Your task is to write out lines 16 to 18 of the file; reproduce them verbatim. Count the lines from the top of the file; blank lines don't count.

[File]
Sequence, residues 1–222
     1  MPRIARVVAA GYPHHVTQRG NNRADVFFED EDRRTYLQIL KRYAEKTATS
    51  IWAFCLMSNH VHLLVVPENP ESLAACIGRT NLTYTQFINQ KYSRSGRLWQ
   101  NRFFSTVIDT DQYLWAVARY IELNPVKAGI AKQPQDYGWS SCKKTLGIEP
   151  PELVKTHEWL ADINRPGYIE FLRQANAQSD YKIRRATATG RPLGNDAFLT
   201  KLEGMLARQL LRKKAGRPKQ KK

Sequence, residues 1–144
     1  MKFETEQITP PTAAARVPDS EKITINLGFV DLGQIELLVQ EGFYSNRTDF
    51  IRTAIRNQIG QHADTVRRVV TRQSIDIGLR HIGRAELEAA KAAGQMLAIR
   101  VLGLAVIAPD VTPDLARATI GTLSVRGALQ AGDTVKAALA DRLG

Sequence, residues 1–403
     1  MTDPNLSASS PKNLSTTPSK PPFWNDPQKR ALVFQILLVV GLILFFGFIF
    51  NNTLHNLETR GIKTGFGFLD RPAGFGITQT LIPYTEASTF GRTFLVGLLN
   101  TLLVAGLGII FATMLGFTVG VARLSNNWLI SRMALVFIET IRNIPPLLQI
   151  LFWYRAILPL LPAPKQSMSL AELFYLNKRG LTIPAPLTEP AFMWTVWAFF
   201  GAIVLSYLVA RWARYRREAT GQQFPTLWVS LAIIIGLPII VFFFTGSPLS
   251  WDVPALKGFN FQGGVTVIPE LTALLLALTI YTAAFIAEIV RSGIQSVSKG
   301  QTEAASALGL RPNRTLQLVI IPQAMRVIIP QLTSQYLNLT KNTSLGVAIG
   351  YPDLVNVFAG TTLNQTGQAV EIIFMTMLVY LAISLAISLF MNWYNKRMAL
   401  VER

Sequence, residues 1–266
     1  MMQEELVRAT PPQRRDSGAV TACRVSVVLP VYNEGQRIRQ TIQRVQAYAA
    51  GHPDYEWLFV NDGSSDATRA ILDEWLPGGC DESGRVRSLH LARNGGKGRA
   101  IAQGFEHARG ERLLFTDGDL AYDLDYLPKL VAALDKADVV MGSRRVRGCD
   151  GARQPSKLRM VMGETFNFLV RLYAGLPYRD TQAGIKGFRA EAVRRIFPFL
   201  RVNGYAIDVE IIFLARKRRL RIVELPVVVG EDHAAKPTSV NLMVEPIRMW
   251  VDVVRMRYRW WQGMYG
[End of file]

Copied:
   201  GAIVLSYLVA RWARYRREAT GQQFPTLWVS LAIIIGLPII VFFFTGSPLS
   251  WDVPALKGFN FQGGVTVIPE LTALLLALTI YTAAFIAEIV RSGIQSVSKG
   301  QTEAASALGL RPNRTLQLVI IPQAMRVIIP QLTSQYLNLT KNTSLGVAIG